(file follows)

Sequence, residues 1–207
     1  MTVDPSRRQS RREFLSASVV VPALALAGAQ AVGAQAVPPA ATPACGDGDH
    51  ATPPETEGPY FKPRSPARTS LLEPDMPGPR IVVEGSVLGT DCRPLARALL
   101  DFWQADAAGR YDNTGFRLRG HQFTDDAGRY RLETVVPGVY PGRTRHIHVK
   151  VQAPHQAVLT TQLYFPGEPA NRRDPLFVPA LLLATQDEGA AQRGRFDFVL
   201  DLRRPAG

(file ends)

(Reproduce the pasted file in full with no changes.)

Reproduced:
Sequence, residues 1–207
     1  MTVDPSRRQS RREFLSASVV VPALALAGAQ AVGAQAVPPA ATPACGDGDH
    51  ATPPETEGPY FKPRSPARTS LLEPDMPGPR IVVEGSVLGT DCRPLARALL
   101  DFWQADAAGR YDNTGFRLRG HQFTDDAGRY RLETVVPGVY PGRTRHIHVK
   151  VQAPHQAVLT TQLYFPGEPA NRRDPLFVPA LLLATQDEGA AQRGRFDFVL
   201  DLRRPAG